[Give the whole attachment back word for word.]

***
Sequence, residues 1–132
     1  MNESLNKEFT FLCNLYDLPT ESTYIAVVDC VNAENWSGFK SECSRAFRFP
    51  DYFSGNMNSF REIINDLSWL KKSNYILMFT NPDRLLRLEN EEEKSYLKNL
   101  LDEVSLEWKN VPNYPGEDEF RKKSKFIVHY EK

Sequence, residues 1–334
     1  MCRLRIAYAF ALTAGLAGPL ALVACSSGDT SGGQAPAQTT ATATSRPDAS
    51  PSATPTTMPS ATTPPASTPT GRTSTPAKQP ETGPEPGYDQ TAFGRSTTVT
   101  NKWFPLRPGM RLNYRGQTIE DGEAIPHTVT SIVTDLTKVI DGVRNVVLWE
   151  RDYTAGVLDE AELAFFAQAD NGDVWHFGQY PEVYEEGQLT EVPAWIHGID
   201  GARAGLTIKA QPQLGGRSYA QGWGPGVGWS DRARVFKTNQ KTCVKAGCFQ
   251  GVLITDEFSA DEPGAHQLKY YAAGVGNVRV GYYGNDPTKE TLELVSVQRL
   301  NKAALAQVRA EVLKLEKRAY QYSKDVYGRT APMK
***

Sequence, residues 1–132
     1  MNESLNKEFT FLCNLYDLPT ESTYIAVVDC VNAENWSGFK SECSRAFRFP
    51  DYFSGNMNSF REIINDLSWL KKSNYILMFT NPDRLLRLEN EEEKSYLKNL
   101  LDEVSLEWKN VPNYPGEDEF RKKSKFIVHY EK

Sequence, residues 1–334
     1  MCRLRIAYAF ALTAGLAGPL ALVACSSGDT SGGQAPAQTT ATATSRPDAS
    51  PSATPTTMPS ATTPPASTPT GRTSTPAKQP ETGPEPGYDQ TAFGRSTTVT
   101  NKWFPLRPGM RLNYRGQTIE DGEAIPHTVT SIVTDLTKVI DGVRNVVLWE
   151  RDYTAGVLDE AELAFFAQAD NGDVWHFGQY PEVYEEGQLT EVPAWIHGID
   201  GARAGLTIKA QPQLGGRSYA QGWGPGVGWS DRARVFKTNQ KTCVKAGCFQ
   251  GVLITDEFSA DEPGAHQLKY YAAGVGNVRV GYYGNDPTKE TLELVSVQRL
   301  NKAALAQVRA EVLKLEKRAY QYSKDVYGRT APMK